“Ooooh,” the boys coo and the game of twenty ensue. Blocksom smiles and continues, “Each member was equipped with a firearm plus a bladed back-up arm, such as a short sword, belt axe or bayonet,” with Blocksom securing the bayonet atop the Rifle. After it is secured, he thrusts the rifle and scares the boys.
“Yet, unlike the mother country’s own militia regulations—in which the authorities controlled the arms and stored them together in a secured central location between muster days—each American had to provide his own arms and keep them at home.”
Tiny hands shoot up and more questions ensue. You can tell Blocksom is ecstatic, especially since these kids are very interested in the history. “Let me ask you,” Blocksom cuts in, “where are you from?”
The mother responds in her broken English, “We’re from New Jersey.”
“Oh, you could totally visit the battlefield there!” Blocksom then looks at Chris and me to ask where we are from.
“I am from King of Prussia,” I respond.
“Philadelphia, Bridesburg area,” Chris responds.
“You’re all very close,” Blocksom acknowledges and continues with his spiel, “Now this is how you get the musket to fire.” Blocksom rubs the metal part of the rifle to create friction and a spark, which will help the gun work. The boys, as well as Chris and I are in awe about how the soldiers used their weapons.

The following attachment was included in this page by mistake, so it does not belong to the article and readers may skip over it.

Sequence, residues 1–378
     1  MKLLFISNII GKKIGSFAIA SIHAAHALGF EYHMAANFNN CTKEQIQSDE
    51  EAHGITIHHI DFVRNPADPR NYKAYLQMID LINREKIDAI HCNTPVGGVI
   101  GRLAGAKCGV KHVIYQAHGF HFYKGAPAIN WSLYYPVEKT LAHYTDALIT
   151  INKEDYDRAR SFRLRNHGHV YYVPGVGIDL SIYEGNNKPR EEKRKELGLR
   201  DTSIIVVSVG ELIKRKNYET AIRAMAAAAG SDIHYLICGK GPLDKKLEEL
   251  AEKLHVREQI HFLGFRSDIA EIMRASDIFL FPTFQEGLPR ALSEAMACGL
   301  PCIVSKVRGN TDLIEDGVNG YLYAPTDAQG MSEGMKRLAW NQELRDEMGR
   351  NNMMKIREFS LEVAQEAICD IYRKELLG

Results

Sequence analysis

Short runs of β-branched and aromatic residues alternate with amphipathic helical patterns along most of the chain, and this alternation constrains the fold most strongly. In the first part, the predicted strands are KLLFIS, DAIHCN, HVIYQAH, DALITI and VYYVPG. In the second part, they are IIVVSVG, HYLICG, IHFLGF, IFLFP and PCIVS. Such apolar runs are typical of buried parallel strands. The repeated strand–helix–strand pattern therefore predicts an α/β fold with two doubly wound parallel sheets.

We enter the Constitution Center amidst the fife music loudly playing. I suggested to Chris before we went to Infinite, we should check out the Constitution Center to see if they were having anything for people born on the Fourth of July.
The cold winds—similar to what was on the El—of Siberia and Antarctica cheerfully greet us as we walk through the glass doors. I spot the information desk and proceed forward. Chris and I approach and the woman sitting at the desk cheerfully asks how she may be able to help us.
“Hello. My birthday is tomorrow—July 4th—and I was wondering if you have anything for people born on the 4th because I’ve seen in past years there usually is a celebration.”
“Uh, I’m not sure, let me call Mark.” The receptionist picks up the phone and begins to dial a number, “Hello, Mark, we have someone here who’s birthday is the 4th of July and has a question… Okay… Thank you” and hangs up the phone before saying to me, “he’ll be down in a second.”